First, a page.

For reference, the flowchart in Figure 1 summarizes the analysis steps.



FIGURE 1 Analysis flowchart. The LASSO regression is used to identify which variables are included in the baseline logistic regression (Model A) and need to be manually imputed (Model B). The reported estimates from Model B reflect the pooled analysis results combining all five imputed datasets.


Out of the 122,907 individual cyclists involved in a police-reported motor vehicle collision on a public road in Canada between 1999 and 2004 inclusively, 895 died according to the NCDB. Table I shows the number of cyclist collisions and deaths in the NCDB by year.

TABLE I Police-reported cyclist collisions and deaths in the NCDB


This represents an average rate of approximately 73 cyclist fatalities per 10,000 collisions (95% CI: 68–78) or 1.7 cyclist fatalities per million person-years based on Statistics Canada’s population numbers (Statistics Canada, 2018). This cyclist fatality rate is slightly lower than (but still comparable to) previously published estimates. Based on data from the Office of the Chief Coroner of Ontario, Wesson, Stephens, Lam et al. (2008) reported a mortality rate of 2.3 per million person-years across the 1991–2002 period, but observed a lower rate of 2.0 per million person-years specifically after the introduction of bicycle helmet legislation targeting children under 18 years old. In the United States, based on FARS data, Meehan, Lee, Fischer et al., (2013) found annualized fatality rates of 2.0 per million children and 2.5 per million children in states, respectively, with and without bicycle helmet safety laws. For the period between 1996 and 2005, Nicaj, Stayton, Mandel-Ricci et al. (2009) reported annualized rates of 1.8 to 2.3 per million residents for Chicago, Boston, Washington, Los Angeles, Philadelphia, and New York (in increasing order).

The main regression results from Model A and Model B are summarized side-by-side in Table II. For greater clarity, Model A is the regular logistic regression model that combines the relevant subset of factors identified by the sparse LASSO regression. Model B includes the same subset of explanatory variables as Model A, but is able to leverage the entire NCDB dataset instead of just the complete cases because it relies on the pooled MI data. Both models use only 20 explanatory variables (plus an intercept coefficient): a relevant subset of eight plausible predictors of survivability as identified by the LASSO model (including helmet usage) and dummy variables representing each age group (except the 21–34 baseline group).

TABLE II Regression results: the corresponding odds ratio (OR) is reported to the right of each estimated regression coefficient; all the reported coefficients except two are statistically significant at least at the 95% confidence level; confidence intervals are provided for Model B (95% CI), reflecting the fact that it is intended to be the final empirical model


Age is correlated strongly with cyclist survivability. This finding is consistent with earlier studies, including, most recently, Gaudet et al. (2015) and Behnood and Mannering (2017). As anticipated, however, the relationship is not linear or monotonic. This is illustrated by Figure 2.



FIGURE 2 Adjusted odds ratios and 95% confidence intervals by age group. For comparison purposes, the pooled analysis results from Model B (top lines) are presented side-by-side with Model A estimates (bottom dashed lines). Model B tends to deliver estimates that are simultaneously more conservative (ORs usually closer to 1) and more precise (with shorter confidence intervals) relative to Model A. The confidence intervals produced by Model A for two age groups (60–64 and 70 years and older) are not shown because they extend beyond the maximum range of the horizontal axis.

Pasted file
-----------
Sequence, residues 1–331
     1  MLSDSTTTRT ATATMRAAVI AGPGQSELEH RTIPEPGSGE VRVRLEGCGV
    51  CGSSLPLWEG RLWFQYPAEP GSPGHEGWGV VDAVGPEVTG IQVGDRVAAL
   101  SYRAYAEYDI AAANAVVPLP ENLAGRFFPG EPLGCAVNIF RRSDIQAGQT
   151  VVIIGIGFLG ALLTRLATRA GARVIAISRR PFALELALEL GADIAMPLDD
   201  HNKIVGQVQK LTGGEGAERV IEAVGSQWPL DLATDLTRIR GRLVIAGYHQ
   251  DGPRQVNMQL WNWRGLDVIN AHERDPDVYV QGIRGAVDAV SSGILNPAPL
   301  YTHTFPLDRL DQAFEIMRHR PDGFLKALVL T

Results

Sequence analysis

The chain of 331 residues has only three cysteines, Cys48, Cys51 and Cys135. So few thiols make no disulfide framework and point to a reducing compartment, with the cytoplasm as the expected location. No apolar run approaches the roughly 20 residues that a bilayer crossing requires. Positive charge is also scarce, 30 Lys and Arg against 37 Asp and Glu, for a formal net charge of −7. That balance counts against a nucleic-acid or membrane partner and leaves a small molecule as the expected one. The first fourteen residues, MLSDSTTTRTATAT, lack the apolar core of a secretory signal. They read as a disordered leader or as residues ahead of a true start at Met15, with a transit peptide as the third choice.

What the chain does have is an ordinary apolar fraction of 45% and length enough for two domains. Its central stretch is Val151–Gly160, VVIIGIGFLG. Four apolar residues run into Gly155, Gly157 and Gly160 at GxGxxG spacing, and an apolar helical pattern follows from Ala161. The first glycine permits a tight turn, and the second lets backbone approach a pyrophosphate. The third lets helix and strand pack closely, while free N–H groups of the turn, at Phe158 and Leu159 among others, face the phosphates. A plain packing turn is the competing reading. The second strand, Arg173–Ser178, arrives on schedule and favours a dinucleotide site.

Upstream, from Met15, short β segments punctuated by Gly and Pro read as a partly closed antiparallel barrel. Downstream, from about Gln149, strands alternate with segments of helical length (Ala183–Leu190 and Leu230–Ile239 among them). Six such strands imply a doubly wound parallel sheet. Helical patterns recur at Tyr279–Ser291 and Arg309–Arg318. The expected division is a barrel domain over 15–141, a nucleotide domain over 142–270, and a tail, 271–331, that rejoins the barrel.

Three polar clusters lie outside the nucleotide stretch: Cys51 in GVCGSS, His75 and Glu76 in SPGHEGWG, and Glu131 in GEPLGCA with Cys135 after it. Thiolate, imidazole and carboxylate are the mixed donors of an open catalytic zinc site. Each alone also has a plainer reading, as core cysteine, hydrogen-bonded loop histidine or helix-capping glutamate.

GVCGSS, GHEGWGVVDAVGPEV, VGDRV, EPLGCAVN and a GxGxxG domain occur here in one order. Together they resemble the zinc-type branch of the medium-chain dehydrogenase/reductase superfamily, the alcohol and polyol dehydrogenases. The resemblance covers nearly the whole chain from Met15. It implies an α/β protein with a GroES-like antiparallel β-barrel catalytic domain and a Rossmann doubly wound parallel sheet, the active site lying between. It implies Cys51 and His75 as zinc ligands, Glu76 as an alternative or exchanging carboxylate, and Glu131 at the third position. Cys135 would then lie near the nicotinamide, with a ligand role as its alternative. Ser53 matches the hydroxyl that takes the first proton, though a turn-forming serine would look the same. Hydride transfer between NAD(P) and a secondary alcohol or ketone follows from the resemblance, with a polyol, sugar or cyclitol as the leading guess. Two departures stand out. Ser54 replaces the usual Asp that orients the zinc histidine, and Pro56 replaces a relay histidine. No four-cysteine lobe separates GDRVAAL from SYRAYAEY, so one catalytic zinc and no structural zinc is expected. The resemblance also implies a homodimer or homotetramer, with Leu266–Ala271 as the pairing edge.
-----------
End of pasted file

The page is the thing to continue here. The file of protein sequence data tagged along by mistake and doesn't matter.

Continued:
Cyclists younger than 21 years old are roughly 45–55 per cent more likely to die subsequent to a cyclist collision relative to those in the baseline 21–34 age group. This is consistent with previous empirical evidence that suggested children may be more vulnerable than adults to serious injury in general (Rivara et al., 1997) and head injury in particular (Thompson et al., 1989), especially in a cycling setting. Always relative to the 21–34 age group, the mortality risk becomes 80 per cent higher by age 35–39 (OR: 1.80, 95% CI: 1.34–2.43), doubles for cyclists aged 40–54, triples for cyclists aged 55–59 (OR: 3.05, 95% CI: 2.22–4.19), more than quadruples for cyclists aged 60–69, and continues to worsen for cyclists who are 70 years or older (OR: 8.53, 95% CI: 6.35–11.46).

The mortality risk for a cyclist involved in a head-on collision increases three-fold (OR: 3.12, 95% CI: 2.37–4.12). Rear-end collisions (OR: 4.87, 95% CI: 4.03–5.88) and collisions where the cyclist was run off the right shoulder (OR: 5.94, 95% CI: 3.07–11.50) are, respectively, five and six times more deadly than other types of cyclist collisions. Cyclist collisions that occur in strong wind conditions are also five times more deadly (OR: 5.11, 95% CI: 2.02–12.93). We hypothesize, without being able to offer any supporting evidence, that this might be because the cyclists or motorists involved in these types of collisions may not have as much opportunity to mitigate the force of the impact (e.g., by applying the brakes, swerving, or bracing themselves just before the accident).

The absence of traffic control device increases the mortality risk for cyclists involved in a collision by 53 per cent (OR: 1.53, 95% CI: 1.31–1.79). It might be because these cases tend to involve faster speeds, or tend to occur in more isolated areas where the ambulance response times are longer or in rural areas where emergency care is less specialized. By comparison, cyclist collisions that occur at or near an intersection controlled by a stop sign tend to be 41 per cent less deadly (OR: 0.59, 95% CI: 0.46–0.76).